Tuesday, March 25, 2008

Breaking CSA news

The Canadian Soccer Association announced today that Peter Montopoli will serve as their new general secretary, a new position created to replace the chief executive officer's job and bring the title in line with other world nations. Montopoli's claim to fame is acting as the event director at last year's U-20 World Cup. The CSA press release plays up his impact there, stating, "As National Event Director for the 52-match tournament, he helped Canada 2007 draw close to 1.2-million spectators, engage 469.5-million cumulative television viewers, and spark $259-million in economic impact."

It's good to see the CSA finally filling some of the vacancies, but there's still several curious things about this announcement. First, it came out less than a week after the association appointed Stephen Hart as their new technical director, which seems to indicate that they've had the successful candidates in mind for both slots for the last while. If that is the case, it's curious that they'd announce Hart's appointment first, as his is the junior position. It would have made more sense to bring in the new general secretary first, and have him consult on the technical director's appointment. Even if the CSA wanted to hire their own man for the job, announcing the hirings in the reverse order would have at least created the impression of unity under the new general secretary, rather than having Montopoli start the job with someone else's hire already in place under him.

The Hart-Montopoli dynamic will be interesting to follow in days to come. Hopefully, Montopoli will respect Hart's soccer knowledge and give him a large amount of independence on the technical development side. There are plenty of business issues for Montopoli to look at, including the ongoing struggle to secure sponsors: he doesn't need to complicate things further by trying to impose his own vision. The CSA has several good people already in place, including Hart, men's head coach Dale Mitchell and women's head coach Even Pellerud: he should take full advantage of their talents. Nick Dasovic also did a great job as a contract coach with the U-23 Olympic team, pulling them past heavyweights Mexico and within a hair of qualification: he should be brought back in some role.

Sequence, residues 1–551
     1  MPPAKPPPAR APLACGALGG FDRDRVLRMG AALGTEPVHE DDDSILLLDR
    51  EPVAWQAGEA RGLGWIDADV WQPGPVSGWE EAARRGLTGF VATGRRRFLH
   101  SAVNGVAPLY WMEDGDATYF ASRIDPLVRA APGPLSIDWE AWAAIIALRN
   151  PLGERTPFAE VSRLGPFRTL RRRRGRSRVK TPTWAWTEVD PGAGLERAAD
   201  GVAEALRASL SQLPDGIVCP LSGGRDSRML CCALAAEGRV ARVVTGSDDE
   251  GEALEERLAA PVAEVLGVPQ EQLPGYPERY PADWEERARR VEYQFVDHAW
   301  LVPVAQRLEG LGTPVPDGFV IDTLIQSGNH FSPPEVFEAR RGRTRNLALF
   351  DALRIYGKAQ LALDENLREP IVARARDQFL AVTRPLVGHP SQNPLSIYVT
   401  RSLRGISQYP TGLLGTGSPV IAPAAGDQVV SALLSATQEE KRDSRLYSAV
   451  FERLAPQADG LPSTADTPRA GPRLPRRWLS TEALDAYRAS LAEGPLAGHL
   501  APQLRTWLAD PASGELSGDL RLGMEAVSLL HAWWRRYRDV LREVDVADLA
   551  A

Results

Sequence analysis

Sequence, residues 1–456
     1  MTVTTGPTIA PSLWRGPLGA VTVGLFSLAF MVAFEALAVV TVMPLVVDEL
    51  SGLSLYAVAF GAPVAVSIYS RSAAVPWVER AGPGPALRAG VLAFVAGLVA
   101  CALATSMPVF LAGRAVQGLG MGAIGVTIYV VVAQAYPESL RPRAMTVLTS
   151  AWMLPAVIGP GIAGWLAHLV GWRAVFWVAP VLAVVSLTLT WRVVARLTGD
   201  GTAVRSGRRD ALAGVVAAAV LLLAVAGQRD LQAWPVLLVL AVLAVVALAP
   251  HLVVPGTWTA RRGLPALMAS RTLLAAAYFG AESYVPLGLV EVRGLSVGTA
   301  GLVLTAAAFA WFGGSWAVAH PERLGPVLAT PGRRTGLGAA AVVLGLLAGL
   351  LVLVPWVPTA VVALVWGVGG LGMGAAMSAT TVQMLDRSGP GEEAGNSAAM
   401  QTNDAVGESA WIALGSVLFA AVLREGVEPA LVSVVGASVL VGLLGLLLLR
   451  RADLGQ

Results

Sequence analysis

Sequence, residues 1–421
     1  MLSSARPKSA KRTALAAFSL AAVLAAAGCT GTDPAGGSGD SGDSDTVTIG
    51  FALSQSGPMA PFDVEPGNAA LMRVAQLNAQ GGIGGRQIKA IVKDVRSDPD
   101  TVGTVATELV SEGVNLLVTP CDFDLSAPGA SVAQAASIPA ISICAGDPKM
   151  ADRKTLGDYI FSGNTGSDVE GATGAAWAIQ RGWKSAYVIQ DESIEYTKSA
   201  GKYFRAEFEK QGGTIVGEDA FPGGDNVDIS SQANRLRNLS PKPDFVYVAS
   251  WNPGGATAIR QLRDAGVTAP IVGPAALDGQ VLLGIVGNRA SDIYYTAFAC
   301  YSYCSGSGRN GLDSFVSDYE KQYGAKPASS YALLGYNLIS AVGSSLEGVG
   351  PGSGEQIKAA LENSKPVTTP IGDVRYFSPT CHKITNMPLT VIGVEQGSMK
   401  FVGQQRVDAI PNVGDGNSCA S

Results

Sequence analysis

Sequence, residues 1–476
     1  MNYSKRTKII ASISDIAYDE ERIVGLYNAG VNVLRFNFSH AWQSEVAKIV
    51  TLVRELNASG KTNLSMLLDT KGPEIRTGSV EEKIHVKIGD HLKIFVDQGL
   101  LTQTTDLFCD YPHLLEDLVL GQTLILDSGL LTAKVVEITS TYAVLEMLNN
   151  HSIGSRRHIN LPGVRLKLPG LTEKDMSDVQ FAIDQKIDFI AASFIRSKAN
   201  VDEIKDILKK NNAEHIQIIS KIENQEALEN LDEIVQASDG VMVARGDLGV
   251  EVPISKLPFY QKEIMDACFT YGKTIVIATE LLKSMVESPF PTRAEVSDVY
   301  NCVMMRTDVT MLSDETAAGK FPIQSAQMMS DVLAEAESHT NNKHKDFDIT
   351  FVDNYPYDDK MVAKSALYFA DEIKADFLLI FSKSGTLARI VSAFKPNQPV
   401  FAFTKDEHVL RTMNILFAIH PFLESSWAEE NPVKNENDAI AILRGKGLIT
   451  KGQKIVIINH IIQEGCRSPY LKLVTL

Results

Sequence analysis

Another interesting element of this is how the message came out this time: the CSA pumped out a proper press release, and CP picked up on it with a story, which various news outlets then grabbed off the wire. Much more traditional, professional and effective than having it leak out through Gerry Dobson's blog.

What concerns me, though, is that Montopoli's main qualifications come from his work on the U-20 World Cup. Sure, it was a success in many ways: it set an attendance record, showcased some high-quality soccer, attracted plenty of tourists and got a lot of media coverage, which is a rarity for soccer events in this country. However, this event apparently somehow managed to lose a lot of money, raising questions about the losses that haven't been satisfactorily answered yet (to my knowledge at least). The CSA still hasn't shown that they're the best group to run soccer in this country, and hiring a head honcho whose main experience comes from running a tournament that should have made a huge profit but wound up in the red isn't a good step forward.

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